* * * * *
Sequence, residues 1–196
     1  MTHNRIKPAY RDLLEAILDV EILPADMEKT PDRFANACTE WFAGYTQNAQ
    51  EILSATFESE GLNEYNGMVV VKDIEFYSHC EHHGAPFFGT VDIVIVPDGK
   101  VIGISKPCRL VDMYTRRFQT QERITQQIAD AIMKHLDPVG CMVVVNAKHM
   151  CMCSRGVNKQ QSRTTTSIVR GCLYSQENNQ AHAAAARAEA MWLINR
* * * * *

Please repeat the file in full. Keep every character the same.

Sequence, residues 1–196
     1  MTHNRIKPAY RDLLEAILDV EILPADMEKT PDRFANACTE WFAGYTQNAQ
    51  EILSATFESE GLNEYNGMVV VKDIEFYSHC EHHGAPFFGT VDIVIVPDGK
   101  VIGISKPCRL VDMYTRRFQT QERITQQIAD AIMKHLDPVG CMVVVNAKHM
   151  CMCSRGVNKQ QSRTTTSIVR GCLYSQENNQ AHAAAARAEA MWLINR